National Catholic Reporter
January 24, 2018
By Heidi Schlumpf and Maria Benevento
Despite repeated accusations by Pope Francis that survivors of clergy sex abuse in Chile are guilty of “slander” and “calumny,” Juan Carlos Cruz is still speaking out about the abuse he suffered at the hands of a Chilean priest — and about the cover-up by church leaders there.
During his visit to Chile last week and on the papal plane Jan. 21, Pope Francis defended Bishop Juan Barros Madrid of Osorno, Chile, insisting there is no evidence the prelate ignored or covered up sexual abuse by Fr. Fernando Karadima.
But Cruz told NCR Jan. 23 that he and other survivors testified — in criminal, civil and church proceedings — that while “the bigger abuse was behind closed doors,” Barros was in the room when Karadima touched the genitals and put his tongue in the mouth of Cruz and other victims.
“That’s what Barros saw,” said Cruz, who now lives in Wilmington, Delaware. “I don’t know if I should have taken a photograph for more evidence. What other evidence than our testimony, and that of so many others, do they need?”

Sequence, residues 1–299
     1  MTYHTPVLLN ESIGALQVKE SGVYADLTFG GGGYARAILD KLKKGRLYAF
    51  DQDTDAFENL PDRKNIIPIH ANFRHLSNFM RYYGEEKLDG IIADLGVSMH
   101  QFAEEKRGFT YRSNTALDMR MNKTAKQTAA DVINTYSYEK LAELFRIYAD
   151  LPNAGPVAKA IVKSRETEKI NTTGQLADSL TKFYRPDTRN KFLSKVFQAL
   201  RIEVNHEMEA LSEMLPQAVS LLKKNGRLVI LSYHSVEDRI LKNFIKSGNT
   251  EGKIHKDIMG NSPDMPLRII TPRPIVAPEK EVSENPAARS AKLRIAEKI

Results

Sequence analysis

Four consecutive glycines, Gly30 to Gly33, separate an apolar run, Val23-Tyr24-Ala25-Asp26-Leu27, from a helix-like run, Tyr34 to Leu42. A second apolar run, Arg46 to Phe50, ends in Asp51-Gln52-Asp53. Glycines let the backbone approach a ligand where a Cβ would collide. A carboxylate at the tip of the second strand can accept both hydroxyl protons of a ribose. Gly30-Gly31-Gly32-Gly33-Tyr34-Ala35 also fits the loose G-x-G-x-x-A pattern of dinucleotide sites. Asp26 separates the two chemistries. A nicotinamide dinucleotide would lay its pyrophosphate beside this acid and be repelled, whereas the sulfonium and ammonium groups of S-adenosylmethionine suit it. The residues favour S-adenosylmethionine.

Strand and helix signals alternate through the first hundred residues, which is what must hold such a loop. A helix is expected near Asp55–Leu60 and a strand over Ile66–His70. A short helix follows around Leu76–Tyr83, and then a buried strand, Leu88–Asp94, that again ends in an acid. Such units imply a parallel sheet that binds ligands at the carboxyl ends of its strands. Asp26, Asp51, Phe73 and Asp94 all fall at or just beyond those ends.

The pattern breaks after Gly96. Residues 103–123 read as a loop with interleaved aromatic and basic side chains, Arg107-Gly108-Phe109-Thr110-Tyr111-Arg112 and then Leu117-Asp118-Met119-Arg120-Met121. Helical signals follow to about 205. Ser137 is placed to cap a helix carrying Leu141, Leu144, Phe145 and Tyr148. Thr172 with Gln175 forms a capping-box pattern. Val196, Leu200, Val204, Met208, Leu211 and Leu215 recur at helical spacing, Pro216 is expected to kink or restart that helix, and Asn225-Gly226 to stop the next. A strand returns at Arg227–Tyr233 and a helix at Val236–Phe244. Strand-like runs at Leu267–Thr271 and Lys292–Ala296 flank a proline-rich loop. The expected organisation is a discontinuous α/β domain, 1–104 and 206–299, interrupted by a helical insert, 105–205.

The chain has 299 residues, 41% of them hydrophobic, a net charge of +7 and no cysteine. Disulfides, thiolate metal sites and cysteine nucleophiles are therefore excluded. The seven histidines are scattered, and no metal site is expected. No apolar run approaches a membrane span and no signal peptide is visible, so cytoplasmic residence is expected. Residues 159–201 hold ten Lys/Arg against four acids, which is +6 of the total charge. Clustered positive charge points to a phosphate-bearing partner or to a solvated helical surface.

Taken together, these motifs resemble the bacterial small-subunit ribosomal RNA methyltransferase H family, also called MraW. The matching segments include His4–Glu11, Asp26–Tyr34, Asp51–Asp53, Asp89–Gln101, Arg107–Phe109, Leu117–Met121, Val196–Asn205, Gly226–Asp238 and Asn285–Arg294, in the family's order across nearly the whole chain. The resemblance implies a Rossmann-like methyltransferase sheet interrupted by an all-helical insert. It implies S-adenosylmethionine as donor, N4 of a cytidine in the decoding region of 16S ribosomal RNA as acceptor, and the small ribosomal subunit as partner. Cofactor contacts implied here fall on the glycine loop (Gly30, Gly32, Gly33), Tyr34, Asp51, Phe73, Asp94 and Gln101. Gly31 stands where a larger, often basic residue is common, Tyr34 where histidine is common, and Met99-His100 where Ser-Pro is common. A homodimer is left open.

He believes it is impossible that Barros and others did not see the abuse. “They were standing by me when things happened,” Cruz said. “If they want to say they saw nothing, that is an absolute lie.”
Cruz and other victims of Karadima have testified in court and in letters sent to church officials that Barros and other church officials — including bishops Andrés Arteaga, an auxiliary in Santiago, Tomislav Koljatic of Linares, Chile, and Horacio Valenzuela of Talca, Chile — knew of the abuse and covered it up.
The Chilean bishops have consistently denied witnessing any abuse by Karadima or participating in a cover up. Barros and Valenzuela denied the accusations most recently in an interview with Cruxnow.com, in a story published Jan. 17.
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